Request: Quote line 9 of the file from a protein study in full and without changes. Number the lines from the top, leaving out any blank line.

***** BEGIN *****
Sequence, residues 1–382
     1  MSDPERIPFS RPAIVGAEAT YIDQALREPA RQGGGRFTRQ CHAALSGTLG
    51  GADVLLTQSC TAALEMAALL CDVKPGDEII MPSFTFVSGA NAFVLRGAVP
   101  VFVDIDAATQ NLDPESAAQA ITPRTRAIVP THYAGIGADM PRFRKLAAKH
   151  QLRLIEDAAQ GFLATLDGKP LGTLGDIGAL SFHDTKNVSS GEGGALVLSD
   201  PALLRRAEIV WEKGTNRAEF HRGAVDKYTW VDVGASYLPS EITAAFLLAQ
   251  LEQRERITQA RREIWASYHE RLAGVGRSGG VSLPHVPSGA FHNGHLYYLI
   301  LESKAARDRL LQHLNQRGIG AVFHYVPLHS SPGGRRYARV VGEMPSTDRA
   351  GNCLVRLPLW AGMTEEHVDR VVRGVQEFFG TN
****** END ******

   351  GNCLVRLPLW AGMTEEHVDR VVRGVQEFFG TN